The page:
Saying you won’t vote, or will vote for Trump, or will vote for Jill Stein (or another Third Party) is not allowed….

If you are going to be pessimistic, you better support it…. Rank, unsupported pessimism is anathema to our data-driven, reality based culture.

If you are a Clinton supporter, spiking the football in the face of Sanders supporters isn’t a productive way to move us forward. After March 15… such spiking [is] bannable.

One wonders how many people are still drinking this authoritarian Kool-Ade. It seems likely that Daily Kos has dwindled a good deal since the Howard Dean glory days, but who knows? In any case, there will always be people who enjoy being bossed around in this fashion.

Surprise, surprise


Looks like it’s going to be The Donald vs. The Hill. Bernie flamed out, as expected, and will return, no doubt, to his placid round as a Democratic Party sheepdog in the Senate. The other Republican contenders, each more pathetic than the last, poor stiff scripted overthought nudniks, will have to hope they live so long as to try again.

Now of course the fun thing about this setup is that it’s Hillary’s dream. She couldn’t have asked for a better opponent. As has been observed before, Trump is the only guy scary enough to the average well-meaning white liberal to get him or her to turn over in bed and leave the house early and pull a lever for Hillary. Nobody, but nobody, really likes her; and nobody, but nobody, has any really hopeful expectations of her.

Hillary’s only card is the fear that somebody else — somebody with really strange hair, say — might be worse. She is, you might say, the pure Lesser Evil candidate — the person you love to hate only slightly less than the other guy. No positives at all; but perhaps slightly fewer negatives than Hobgoblin or foul fiend. At least from certain points of view — points of view confined, I suspect, to a rather narrow demographic.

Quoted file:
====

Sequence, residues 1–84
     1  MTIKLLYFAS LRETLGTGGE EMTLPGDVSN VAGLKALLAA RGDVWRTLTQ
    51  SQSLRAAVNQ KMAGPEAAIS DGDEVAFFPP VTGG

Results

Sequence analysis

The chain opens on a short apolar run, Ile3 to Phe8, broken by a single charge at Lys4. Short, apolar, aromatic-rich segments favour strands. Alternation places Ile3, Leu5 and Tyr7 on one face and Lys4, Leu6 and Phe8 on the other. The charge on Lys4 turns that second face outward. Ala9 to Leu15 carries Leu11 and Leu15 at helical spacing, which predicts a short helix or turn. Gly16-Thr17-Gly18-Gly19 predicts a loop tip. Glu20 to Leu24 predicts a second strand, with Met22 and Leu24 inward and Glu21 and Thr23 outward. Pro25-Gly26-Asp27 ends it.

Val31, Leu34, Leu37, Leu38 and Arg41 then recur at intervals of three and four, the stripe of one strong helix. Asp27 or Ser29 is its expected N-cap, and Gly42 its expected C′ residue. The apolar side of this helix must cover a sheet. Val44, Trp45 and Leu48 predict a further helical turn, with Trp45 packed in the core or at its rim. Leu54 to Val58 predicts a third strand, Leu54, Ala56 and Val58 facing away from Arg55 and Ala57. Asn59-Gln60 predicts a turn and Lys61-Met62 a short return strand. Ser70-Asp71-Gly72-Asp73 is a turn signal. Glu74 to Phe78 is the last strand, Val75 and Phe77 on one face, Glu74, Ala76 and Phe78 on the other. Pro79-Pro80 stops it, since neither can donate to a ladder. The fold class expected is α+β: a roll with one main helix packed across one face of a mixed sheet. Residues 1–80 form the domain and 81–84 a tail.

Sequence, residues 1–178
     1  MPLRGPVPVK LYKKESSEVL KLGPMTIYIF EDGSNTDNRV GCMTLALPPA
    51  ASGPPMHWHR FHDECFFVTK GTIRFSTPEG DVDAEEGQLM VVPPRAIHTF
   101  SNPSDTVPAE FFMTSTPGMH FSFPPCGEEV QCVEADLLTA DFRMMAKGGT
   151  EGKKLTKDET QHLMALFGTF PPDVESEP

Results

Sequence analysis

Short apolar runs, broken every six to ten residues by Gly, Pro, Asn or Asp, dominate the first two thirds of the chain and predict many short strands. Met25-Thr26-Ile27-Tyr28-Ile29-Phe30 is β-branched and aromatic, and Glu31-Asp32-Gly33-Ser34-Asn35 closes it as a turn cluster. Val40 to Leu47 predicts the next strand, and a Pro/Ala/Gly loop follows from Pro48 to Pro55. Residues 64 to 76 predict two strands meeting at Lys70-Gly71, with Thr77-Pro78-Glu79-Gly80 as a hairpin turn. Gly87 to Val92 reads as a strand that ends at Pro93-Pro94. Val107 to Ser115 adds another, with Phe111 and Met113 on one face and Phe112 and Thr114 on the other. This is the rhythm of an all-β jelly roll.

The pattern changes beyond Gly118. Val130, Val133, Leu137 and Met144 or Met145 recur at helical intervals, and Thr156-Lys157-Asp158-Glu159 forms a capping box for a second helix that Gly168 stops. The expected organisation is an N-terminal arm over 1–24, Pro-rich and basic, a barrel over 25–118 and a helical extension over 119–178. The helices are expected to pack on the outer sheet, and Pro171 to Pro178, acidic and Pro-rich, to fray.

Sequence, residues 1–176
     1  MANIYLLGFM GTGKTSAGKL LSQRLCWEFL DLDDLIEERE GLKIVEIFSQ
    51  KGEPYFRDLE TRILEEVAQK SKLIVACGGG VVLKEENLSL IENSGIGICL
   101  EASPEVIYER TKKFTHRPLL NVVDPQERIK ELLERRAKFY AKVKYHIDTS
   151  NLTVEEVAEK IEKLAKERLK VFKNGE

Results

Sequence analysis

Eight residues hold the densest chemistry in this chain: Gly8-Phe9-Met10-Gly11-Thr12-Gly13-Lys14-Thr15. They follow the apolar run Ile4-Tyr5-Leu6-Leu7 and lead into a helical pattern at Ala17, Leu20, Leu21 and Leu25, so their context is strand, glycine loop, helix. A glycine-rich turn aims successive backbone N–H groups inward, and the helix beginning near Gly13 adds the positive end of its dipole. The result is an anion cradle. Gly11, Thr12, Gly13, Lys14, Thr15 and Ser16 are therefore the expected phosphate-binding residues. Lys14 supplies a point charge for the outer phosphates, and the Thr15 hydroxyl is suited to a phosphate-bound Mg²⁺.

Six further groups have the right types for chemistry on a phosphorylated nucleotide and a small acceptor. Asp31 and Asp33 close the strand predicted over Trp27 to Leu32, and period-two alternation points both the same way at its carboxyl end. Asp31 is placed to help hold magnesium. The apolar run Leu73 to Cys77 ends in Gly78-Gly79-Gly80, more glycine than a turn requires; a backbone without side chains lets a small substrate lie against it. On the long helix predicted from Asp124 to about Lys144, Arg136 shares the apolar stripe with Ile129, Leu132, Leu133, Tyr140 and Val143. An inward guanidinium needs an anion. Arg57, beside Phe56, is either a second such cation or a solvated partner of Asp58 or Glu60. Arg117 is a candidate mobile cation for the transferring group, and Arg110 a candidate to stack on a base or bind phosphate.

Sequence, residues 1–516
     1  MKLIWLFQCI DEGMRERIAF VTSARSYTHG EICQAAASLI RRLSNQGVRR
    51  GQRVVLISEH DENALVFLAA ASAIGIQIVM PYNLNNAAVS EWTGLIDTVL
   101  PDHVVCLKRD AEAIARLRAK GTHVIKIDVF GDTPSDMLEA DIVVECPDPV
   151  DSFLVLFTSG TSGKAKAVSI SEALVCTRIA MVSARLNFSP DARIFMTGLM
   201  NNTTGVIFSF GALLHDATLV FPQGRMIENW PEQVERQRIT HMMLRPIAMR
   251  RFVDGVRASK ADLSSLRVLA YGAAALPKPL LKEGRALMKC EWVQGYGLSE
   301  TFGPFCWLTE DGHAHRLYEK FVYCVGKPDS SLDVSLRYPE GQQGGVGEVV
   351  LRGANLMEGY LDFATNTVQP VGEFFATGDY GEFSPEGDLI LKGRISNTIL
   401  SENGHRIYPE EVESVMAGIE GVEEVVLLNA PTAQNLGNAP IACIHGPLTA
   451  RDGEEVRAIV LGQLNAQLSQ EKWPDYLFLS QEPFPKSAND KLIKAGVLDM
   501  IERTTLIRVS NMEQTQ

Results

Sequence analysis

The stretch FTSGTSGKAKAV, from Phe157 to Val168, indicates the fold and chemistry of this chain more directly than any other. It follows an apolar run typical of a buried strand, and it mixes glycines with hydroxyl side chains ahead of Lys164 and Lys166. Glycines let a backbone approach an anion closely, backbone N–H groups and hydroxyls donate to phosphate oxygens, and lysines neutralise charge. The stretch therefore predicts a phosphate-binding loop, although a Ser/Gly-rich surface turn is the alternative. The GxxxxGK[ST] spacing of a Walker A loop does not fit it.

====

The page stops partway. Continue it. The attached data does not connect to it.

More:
There’s an old Yiddish proverb: It could always be worse. Deep wisdom here. It could — in fact — always, absolutely always, be worse. Misery is bottomless. Turtles all the way down, as the famous lady said to Arthur Eddington.

The Democratic Party’s appeal, these days, is like a reverse Madoff scheme. With your investment in our hands, say the Democrats, it will lose only 25% of its value per annum. The other guys, it’ll lose 26%.

There are no other investment vehicles, and you can’t cash out and put the money under the mattress and hope that conditions will improve. It’s Merrill Grinch or Spamguard. Take your pick.

You could, of course, write your investment off and walk away. This is the reasonable thing to do — you’ll never get it back, so why stick around and watch it vanish? But I recognize that this is emotionally challenging. People are notoriously irrational about their investments.